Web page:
Disaster recovery plan: 10 keys to rapid recovery and productivity
A fire destroys your building. An earthquake knocks out power to large portions of your region. An equipment failure takes your database offline.
Whatever type of disaster disrupts your business operations, you need a disaster recovery plan that will enable your team to be productive again as quickly as possible.
As you develop your disaster recovery plan, consider these key points:
- Build your plan around a modern backup system. A backup system alone won’t be sufficient, but it is the cornerstone of a solid disaster recovery plan. You need to start with a system that makes backups seamless and can restore your data as quickly as possible.
- Plan for more than one type of natural disaster. You may live in an area affected by hurricanes, so those dominate your thinking as you plan for disaster recovery. However, you could instead face a fire. Much of your planning will be the same regardless of why your systems are unavailable. However, keep in mind that customers are more forgiving when your business is affected by a large-scale disaster that also knocks out businesses in the surrounding area. If your whole region evacuates due to a hurricane, your customers will be worrying more about their own businesses than about your performance. A more localized disaster that affects only your business, however, creates more pressure to get back up and running quickly. Considering different types of disasters will also inform whether your systems should be hosted on site or at a data center.
- Work to prevent equipment failures. Natural disasters aren’t the only problem your disaster recovery plan needs to address. All equipment will eventually fail, so your plan needs to account for that possibility as well. The first step, of course, is to be sure you have up-to-date equipment and look at the MTBF rating. (MTBF stands for mean time between failures, and it estimates how long a given piece of equipment is likely to function before failing.) You also need to find out how long it would take to replace vital equipment and consider keeping replacements on site.
- Document your systems. Make sure you have documentation of the configurations of all the devices used to manage your IT infrastructure — along with a complete list of the people who know how to manage each device.
- Protect your systems against bad actors. Although most people think first of natural disasters when thinking about disasters, many system outages are caused by people – either employees or outsiders. Ransomware is a key example, but rogue employees or outsiders trying to break in can cause other problems as well. Be sure your plan provides a provision for intrusion prevention.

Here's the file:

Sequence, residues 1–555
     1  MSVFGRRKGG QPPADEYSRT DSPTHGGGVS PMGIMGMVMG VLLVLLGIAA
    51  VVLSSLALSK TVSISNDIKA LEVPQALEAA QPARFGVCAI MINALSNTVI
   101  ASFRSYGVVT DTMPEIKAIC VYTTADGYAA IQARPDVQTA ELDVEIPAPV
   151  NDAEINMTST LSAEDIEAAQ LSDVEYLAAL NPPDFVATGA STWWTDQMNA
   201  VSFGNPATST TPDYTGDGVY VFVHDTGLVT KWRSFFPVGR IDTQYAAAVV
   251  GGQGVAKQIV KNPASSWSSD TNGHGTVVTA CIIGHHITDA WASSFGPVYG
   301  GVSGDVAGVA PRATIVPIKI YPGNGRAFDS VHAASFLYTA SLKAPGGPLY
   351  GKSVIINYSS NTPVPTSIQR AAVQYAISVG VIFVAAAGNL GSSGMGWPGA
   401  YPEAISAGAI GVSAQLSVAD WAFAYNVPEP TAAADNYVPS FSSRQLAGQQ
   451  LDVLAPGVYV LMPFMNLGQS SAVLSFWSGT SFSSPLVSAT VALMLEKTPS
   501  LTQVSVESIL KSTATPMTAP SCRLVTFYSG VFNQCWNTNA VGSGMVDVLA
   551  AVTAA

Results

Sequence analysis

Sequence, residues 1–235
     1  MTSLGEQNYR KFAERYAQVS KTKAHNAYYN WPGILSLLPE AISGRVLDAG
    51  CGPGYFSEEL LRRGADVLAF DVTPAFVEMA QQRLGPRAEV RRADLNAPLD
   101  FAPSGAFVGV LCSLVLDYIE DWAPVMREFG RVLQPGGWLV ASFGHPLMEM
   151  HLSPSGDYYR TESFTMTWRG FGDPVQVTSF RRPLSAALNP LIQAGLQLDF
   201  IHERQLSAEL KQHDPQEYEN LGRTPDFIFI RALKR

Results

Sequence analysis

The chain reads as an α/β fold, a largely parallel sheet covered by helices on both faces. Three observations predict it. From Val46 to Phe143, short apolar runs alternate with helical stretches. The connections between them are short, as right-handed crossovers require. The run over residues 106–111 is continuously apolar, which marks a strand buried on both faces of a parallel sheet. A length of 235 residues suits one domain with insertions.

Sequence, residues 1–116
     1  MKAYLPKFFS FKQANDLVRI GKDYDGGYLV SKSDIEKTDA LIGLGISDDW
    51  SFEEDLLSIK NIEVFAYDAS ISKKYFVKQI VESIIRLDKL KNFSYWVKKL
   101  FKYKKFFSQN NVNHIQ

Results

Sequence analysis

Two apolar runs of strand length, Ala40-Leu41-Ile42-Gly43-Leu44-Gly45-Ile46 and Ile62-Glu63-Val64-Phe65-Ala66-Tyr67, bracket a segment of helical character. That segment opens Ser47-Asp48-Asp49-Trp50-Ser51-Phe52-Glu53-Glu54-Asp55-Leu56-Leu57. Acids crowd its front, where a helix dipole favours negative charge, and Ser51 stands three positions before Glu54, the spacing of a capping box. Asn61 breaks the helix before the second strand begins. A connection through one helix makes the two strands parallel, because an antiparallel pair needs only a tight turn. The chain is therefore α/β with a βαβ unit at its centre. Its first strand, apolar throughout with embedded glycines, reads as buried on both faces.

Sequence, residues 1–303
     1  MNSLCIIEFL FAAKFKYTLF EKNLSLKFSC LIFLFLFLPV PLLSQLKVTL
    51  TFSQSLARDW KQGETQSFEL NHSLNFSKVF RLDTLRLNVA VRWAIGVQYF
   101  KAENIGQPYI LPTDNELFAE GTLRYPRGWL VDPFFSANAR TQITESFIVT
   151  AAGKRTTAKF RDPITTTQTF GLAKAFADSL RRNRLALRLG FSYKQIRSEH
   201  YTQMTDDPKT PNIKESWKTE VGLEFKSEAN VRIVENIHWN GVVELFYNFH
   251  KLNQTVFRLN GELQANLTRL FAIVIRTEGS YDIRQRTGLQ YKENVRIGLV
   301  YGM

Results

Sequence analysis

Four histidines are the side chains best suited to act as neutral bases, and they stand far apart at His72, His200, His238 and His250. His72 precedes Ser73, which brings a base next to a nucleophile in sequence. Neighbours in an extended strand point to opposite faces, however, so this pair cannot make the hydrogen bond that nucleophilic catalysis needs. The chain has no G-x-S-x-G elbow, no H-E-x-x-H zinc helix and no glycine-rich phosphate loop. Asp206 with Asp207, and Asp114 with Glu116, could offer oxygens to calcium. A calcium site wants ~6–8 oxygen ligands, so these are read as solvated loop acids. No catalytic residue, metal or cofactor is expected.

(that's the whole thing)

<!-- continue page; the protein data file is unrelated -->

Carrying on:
- Make backup manufacturing plans. If you’re in the manufacturing business, what happens if you cannot manufacture your products because your production lines have been destroyed in a disaster? If you have more than one plant, you may be able to shift manufacturing to your other locations. You might also be able to outsource your manufacturing until your plant is back in business. Consider where that might be possible, and what material and information the other plant would need.
- Consider setting up a hot site. If you will need temporary office space – and simply sending employees home to work for a time isn’t an option – look into hot sites, offices that are already set up and can be rented temporarily.
- Include communications in your plan. In a disaster, how will you let your employees know whether to come to work? Is it clear who will make that decision and communicate it to the different departments? Who will tell your customers about the status of your business? Do you know how to forward phone calls that come into your main line? It is stressful to deal with a disaster, and having to create a communications protocol at the same time is even more difficult. Creating a communications plan ahead of time will make everything go more smoothly.
- Get agreement on your recovery plan. Make sure everyone in charge of operations at your company agrees that your plan makes sense and is complete. This disaster recovery planning team is an important element to ensure your plan is complete and you have the people who know how to marshal the resources to recover quickly.
- Build in flexibility. It’s helpful, as you’re writing a disaster recovery plan, to consider specific scenarios. But it may turn out that instead of the hurricane you had planned for, you’re faced with a pandemic. It’s important to have a plan that addresses key issues in a flexible way.
The bottom line: Creating a disaster recovery plan will help your business after a disaster – and the planning process will likely improve the day-to-day operations of your business even when there is no disaster.
Learn about disaster recovery planning and the best methods to ensure your IT system is robust and developed to perform well under any adverse condition by reading our eBook titled "Seven Key Factors for IT System Success."